Meadow Vole - Microtus pennsylvanicus
The Meadow Vole, under 6 inches in length from tip of nose to end of tail and a little over an ounce in weight, has the rotund body, blunt nose, and bright black eyes of all voles. On top it can be yellowish or reddish brown to dark brown, with black-tipped hairs. Below it is buffy to lead gray, with silver-tipped hairs. In Montana, Meadow Voles and Montane Voles look much alike; however, the Meadow Voles tend to be darker brown and have plantar tubercles (foot pads) (Foresman 2012).
Western Hemisphere Range
Summary of Observations Submitted for Montana
Number of Observations:
(Click on the following maps and charts to see full sized version)
Map Help and Descriptions
(Observations spanning multiple months or years are excluded from time charts)
Wet grassland habitat but not above timberline in grassy alpine tundra. Where M. montanus not present, M. pennsylvanicus may inhabit drier grasslands (Hoffmann 1968).
Ecological Systems Associated with this Species
- Details on Creation and Suggested Uses and Limitations
How Associations Were Made
We associated the use and habitat quality (high, medium, or low) of each of the 82 ecological systems mapped in Montana for
vertebrate animal species that regularly breed, overwinter, or migrate through the state by:
- Using personal observations and reviewing literature that summarize the breeding, overwintering, or migratory habitat requirements of each species (Dobkin 1992, Hart et al. 1998, Hutto and Young 1999, Maxell 2000, Foresman 2001, Adams 2003, and Werner et al. 2004);
- Evaluating structural characteristics and distribution of each ecological system relative to the species’ range and habitat requirements;
- Examining the observation records for each species in the state-wide point database associated with each ecological system;
- Calculating the percentage of observations associated with each ecological system relative to the percent of Montana covered by each ecological system to get a measure of “observations versus availability of habitat”.
Species that breed in Montana were only evaluated for breeding habitat use, species that only overwinter in Montana were only evaluated for overwintering habitat use, and species that only migrate through Montana were only evaluated for migratory habitat use.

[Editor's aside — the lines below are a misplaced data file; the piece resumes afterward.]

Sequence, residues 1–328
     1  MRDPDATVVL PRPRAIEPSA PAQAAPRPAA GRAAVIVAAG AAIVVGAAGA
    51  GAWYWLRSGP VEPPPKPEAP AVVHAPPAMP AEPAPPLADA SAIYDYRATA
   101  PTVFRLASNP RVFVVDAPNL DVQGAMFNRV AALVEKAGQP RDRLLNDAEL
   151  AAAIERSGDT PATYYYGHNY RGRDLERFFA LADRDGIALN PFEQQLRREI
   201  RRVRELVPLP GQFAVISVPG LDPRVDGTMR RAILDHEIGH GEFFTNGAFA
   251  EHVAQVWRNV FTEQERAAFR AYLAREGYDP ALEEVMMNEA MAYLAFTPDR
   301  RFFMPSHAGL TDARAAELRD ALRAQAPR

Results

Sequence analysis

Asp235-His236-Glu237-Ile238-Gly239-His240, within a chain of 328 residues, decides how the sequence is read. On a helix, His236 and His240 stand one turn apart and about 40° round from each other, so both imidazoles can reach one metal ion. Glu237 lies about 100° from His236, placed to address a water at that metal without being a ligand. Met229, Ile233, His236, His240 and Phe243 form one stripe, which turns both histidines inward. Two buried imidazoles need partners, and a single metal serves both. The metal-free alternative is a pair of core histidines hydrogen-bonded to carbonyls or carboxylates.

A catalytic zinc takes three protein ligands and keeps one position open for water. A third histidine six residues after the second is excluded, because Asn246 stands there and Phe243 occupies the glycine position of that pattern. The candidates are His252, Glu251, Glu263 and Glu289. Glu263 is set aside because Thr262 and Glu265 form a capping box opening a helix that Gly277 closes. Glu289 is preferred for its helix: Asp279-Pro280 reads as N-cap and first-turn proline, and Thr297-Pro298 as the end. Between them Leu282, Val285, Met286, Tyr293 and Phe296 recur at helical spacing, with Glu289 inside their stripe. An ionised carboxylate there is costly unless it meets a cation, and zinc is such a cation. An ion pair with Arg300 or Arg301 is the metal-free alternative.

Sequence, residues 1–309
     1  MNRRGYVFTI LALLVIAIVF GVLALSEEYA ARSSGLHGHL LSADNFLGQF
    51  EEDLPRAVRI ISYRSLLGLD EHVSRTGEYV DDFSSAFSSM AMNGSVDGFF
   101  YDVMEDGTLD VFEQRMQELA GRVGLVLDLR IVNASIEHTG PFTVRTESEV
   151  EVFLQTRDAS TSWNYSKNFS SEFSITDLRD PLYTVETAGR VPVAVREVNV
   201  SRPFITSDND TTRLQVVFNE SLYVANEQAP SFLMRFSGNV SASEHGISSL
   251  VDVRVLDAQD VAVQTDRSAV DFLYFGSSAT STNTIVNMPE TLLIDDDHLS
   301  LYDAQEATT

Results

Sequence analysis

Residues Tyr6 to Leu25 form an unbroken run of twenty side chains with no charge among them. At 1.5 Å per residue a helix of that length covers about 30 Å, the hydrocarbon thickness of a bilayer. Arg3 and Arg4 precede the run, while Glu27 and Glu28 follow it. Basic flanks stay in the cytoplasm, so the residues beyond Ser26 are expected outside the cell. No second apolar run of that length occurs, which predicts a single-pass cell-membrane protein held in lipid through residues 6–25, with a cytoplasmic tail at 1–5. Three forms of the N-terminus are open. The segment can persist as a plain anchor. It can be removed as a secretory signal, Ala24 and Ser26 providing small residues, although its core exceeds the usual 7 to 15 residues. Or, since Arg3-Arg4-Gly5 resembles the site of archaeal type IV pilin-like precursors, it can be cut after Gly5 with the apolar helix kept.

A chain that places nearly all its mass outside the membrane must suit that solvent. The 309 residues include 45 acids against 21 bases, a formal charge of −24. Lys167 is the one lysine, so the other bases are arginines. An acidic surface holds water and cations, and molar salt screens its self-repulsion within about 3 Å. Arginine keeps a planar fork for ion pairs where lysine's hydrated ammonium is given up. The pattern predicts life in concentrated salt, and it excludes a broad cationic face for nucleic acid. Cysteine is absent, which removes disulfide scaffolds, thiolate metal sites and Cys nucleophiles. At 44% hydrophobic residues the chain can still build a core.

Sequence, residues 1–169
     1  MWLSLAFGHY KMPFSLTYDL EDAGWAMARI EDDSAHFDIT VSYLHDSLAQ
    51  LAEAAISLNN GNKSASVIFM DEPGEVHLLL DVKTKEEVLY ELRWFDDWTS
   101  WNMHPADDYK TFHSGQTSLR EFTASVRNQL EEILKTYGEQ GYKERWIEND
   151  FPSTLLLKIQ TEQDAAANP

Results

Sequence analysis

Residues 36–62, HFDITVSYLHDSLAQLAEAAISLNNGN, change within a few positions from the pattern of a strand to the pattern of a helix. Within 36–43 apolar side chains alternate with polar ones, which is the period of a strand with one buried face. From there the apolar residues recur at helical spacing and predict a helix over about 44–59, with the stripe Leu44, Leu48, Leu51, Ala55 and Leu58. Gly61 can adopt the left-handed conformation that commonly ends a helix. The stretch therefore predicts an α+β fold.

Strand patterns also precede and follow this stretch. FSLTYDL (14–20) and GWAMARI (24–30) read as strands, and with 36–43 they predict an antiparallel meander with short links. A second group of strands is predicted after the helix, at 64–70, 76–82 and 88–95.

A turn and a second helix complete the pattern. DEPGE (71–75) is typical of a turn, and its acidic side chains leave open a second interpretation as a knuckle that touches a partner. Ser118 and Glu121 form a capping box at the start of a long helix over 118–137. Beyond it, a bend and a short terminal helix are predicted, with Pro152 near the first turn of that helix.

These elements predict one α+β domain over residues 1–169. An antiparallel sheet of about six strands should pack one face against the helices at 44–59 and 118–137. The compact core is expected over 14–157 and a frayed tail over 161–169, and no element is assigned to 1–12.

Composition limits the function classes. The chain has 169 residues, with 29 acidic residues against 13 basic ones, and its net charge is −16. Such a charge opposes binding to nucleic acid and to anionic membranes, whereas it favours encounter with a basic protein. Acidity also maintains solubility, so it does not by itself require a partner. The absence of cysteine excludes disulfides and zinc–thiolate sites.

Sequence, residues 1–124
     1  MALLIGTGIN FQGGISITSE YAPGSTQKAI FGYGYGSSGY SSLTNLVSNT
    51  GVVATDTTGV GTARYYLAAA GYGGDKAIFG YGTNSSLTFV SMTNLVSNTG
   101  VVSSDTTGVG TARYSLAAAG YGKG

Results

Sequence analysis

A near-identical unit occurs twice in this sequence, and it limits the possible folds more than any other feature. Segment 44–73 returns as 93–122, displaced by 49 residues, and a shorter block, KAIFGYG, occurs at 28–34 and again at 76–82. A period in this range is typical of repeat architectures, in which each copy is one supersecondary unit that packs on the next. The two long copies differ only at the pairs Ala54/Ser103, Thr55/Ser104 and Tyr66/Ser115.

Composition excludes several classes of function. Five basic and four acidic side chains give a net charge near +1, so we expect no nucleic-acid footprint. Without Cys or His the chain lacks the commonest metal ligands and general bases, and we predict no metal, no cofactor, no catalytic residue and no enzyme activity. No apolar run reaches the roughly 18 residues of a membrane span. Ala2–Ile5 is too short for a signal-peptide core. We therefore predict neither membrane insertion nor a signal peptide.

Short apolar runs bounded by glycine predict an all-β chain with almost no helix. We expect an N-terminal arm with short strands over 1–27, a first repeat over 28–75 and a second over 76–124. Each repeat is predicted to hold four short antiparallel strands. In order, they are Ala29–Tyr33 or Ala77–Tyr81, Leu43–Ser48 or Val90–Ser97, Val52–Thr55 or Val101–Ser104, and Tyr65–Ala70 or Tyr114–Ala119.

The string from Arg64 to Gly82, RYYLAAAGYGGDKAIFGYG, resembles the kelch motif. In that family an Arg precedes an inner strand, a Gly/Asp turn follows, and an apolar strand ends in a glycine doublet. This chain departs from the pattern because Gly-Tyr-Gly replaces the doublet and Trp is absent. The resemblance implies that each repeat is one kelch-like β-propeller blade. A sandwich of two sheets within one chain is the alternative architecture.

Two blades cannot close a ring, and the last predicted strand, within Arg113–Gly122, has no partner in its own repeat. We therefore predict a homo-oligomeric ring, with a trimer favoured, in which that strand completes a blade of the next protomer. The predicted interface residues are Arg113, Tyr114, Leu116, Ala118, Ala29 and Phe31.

In general, species were associated as using an ecological system if structural characteristics of used habitat documented in the literature were present in the ecological system or large numbers of point observations were associated with the ecological system.
However, species were not associated with an ecological system if there was no support in the literature for use of structural characteristics in an ecological system, even if
point observations were associated with that system.
High, medium, and low habitat quality was assigned based on the degree to which the structural characteristics of an ecological system matched the preferred structural habitat characteristics for each species in the literature.
The percentage of observations associated with each ecological system relative to the percent of Montana covered by each ecological system was also used to guide assignments of habitat quality.
If you have any questions or comments on species associations with ecological systems, please contact Bryce Maxell at email@example.com
or (406) 444-3655.
Suggested Uses and Limitations
Species associations with ecological systems should be used to generate potential lists of species that may occupy broader landscapes for the purposes of landscape-level planning.
These potential lists of species should not be used in place of documented occurrences of species (this information can be requested at: http://mtnhp.org/requests/default.asp
) or systematic surveys for species and evaluations of habitat at a local site level by trained biologists.
Users of this information should be aware that the land cover data used to generate species associations is based on imagery from the late 1990s and early 2000s and was only intended to be used at broader landscape scales.